Shaw's Supermarkets Under
Fire in New England

Bangor Daily News (Bangor, Maine)
August 5, 2002

Bioengineering protest at Shaw's; Inflated ear of corn grabs attention


Protesters hope that their message against the use of genetically engineered
food will last longer than their attention-grabbing, 30-foot inflatable ear
of corn did Saturday at their protest.

The ear of corn was ordered deflated by police after it was determined it
violated city policies regarding such gatherings, although organizers said
it wouldn't deter them from continuing their protests here in Maine and New

In the heat of the early afternoon, about 20 people - many from the area,
some from a national watchdog group - stood or paced on the sidewalk in
front of Shaw's Supermarket on Main Street. They said Shaw's parent company
in England had removed genetically engineered products from its store
shelves in that country. As part of their protest, they inflated the large
ear of corn, which after only a short time Bangor police had them deflate
because it blocked the sidewalk and because Shaw's wanted a line securing
the balloon removed from its property.

The corn was deflated, but not the mission. Carrying signs and waving to
passing motorists, the protesters were hoping to catch the attention and
convince people of the potential hazards and the uncertainties concerning
genetically engineered food.

Linda Setchell, the GE campaign coordinator for Clean Water Action, which is
organizing protests in six communities in four states, estimated that 70
percent of packaged foods contains some ingredients that are genetically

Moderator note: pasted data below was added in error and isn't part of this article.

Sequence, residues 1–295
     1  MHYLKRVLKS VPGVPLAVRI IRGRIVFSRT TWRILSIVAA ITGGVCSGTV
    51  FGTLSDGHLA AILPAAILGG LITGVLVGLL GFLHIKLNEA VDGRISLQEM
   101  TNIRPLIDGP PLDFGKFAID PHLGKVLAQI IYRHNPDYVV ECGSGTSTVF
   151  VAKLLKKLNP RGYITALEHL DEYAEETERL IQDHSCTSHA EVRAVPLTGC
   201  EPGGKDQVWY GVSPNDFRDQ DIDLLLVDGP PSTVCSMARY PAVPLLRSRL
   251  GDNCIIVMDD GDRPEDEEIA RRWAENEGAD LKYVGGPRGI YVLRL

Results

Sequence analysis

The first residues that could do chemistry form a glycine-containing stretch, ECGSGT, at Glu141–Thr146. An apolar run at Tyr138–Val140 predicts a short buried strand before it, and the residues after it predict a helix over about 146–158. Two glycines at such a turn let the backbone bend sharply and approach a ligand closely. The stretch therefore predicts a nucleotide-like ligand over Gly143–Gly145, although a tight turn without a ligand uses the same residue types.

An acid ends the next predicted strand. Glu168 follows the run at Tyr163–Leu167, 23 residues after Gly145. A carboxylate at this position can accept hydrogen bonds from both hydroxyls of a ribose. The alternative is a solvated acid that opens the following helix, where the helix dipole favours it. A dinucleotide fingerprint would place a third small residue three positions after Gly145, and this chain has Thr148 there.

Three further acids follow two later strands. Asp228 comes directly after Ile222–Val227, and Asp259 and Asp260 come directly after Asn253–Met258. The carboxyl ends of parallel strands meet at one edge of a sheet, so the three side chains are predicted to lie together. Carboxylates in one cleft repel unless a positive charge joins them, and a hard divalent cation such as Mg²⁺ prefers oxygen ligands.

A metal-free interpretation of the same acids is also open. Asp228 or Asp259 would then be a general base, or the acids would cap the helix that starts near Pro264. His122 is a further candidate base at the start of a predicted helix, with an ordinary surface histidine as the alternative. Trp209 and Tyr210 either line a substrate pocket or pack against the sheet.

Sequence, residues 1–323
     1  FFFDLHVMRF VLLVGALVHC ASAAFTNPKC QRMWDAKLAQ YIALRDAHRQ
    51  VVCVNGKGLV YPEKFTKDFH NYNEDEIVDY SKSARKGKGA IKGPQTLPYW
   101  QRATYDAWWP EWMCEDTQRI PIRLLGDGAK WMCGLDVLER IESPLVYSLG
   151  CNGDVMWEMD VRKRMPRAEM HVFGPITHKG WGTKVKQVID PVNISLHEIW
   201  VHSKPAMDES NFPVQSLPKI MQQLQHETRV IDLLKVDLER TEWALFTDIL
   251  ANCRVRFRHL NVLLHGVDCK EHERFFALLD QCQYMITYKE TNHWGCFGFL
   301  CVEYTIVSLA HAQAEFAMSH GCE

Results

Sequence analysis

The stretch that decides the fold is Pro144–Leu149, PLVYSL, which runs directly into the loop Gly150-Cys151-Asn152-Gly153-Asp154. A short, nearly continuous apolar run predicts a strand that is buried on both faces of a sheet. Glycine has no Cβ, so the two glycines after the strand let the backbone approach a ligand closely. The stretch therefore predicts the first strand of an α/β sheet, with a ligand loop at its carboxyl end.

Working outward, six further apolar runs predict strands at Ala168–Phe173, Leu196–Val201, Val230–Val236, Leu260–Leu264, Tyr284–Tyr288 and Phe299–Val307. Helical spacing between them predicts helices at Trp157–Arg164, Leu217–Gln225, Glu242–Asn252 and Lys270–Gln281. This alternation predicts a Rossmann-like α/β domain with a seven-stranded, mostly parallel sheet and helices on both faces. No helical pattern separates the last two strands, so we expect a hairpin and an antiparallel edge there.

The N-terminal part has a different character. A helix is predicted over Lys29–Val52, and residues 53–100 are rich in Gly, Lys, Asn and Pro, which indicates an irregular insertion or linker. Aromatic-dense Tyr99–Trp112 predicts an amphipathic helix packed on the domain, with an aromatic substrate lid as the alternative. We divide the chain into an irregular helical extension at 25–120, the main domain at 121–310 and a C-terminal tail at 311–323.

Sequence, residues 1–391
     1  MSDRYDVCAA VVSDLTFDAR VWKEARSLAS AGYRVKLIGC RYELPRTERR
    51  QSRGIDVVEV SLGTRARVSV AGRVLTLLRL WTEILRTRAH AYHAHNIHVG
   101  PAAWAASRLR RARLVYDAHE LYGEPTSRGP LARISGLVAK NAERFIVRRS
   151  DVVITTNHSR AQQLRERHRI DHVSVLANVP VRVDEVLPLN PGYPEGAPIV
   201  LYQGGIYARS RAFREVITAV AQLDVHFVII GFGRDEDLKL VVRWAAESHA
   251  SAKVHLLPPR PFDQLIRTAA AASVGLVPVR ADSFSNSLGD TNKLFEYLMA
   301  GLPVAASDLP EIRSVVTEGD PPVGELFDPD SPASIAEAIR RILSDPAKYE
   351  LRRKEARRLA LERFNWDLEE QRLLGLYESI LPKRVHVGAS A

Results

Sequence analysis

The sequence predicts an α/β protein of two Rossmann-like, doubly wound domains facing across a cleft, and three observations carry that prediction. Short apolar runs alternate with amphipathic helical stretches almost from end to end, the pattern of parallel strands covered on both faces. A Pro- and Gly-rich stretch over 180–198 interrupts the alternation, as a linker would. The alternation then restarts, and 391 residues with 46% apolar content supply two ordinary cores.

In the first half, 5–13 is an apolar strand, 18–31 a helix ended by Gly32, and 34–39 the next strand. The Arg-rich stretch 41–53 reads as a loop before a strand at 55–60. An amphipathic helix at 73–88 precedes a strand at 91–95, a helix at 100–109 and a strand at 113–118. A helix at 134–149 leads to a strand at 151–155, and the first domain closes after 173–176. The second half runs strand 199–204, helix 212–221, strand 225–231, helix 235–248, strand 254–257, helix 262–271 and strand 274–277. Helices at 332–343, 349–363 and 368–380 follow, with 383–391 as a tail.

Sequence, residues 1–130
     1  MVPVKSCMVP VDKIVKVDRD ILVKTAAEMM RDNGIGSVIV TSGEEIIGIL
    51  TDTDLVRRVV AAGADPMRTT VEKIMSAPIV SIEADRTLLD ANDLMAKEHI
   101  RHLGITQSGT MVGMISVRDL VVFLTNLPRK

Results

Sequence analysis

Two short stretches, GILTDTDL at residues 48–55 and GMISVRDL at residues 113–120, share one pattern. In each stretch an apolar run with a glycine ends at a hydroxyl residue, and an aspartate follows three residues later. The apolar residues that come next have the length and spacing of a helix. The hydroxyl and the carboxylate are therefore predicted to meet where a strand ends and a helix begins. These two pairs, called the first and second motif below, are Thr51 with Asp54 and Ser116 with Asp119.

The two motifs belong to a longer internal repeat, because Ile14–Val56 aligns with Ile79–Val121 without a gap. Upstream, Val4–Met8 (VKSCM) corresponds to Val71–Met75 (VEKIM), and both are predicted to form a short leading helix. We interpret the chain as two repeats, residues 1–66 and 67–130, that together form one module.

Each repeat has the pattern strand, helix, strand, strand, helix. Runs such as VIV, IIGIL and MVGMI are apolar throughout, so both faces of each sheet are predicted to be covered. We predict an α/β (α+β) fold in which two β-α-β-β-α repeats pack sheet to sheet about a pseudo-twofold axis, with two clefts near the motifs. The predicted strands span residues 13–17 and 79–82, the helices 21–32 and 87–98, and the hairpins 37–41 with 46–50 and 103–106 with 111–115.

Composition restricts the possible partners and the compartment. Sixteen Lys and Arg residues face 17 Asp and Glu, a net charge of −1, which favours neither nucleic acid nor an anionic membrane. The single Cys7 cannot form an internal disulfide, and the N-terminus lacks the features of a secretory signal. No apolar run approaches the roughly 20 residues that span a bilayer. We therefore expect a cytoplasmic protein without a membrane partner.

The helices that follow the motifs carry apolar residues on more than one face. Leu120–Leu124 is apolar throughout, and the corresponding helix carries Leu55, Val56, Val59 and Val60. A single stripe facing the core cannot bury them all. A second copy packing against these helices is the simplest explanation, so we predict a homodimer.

engineered. The problem, she said, is that GE foods haven't been fully
tested by the federal government in this country but have been banned or
placed on moratorium in most other countries.

Plants that are genetically engineered develop with strong resistances to
herbicides and in some cases their own toxins to kill off predators. But
Setchell said these plants can cross-pollinate with wild relatives and pass
along the resistance, thereby making what has been described as "superweed."
The toxins could also harm beneficial insects while the detrimental insects
develop a resistance to the toxins making them "superbugs" that are harder
to eliminate.

There is potential harm to humans who could develop new forms of allergies
to the engineered food. In October 2000, more than 300 corn-based products
were recalled after it was determined they had been contaminated by a
variety of genetically engineered corn that included a new food allergen.
Shaw's is the target of the protest because Clean Water and Greenpeace have
tested some Shaw's brand products and determined they contained GE
ingredients, even though the chain's parent company in England has stopped
stocking GE products on shelves there since 1999, Setchell said.

Management at the Shaw's supermarket referred questions to a spokesman, who
couldn't be reached for comment over the weekend.

The protesters wondered why genetically engineered foods are disdained in
other countries but considered OK for consumption in the United States.
At the very least, said Monique Gautreau, the mother of three who took to
the sidewalk Saturday dressed as a caterpillar, food companies and stores
should label the products that contain GE ingredients and let consumers

"I'm not claiming to be any expert on this," Gautreau said. "I'm a mother of
three children and it makes me furious that I can't look at labels to tell
what is in the foods I'm eating."

Gautreau said she tries to live a healthful life, grows some of her own food
in a small garden and checks labels regularly to see what her family is

In recent months, Greenpeace and others have been protesting the use of GE
foods around the state and Clean Water Action will continue its tour this
week, visiting supermarkets in Vermont, Rhode Island and Massachusetts.

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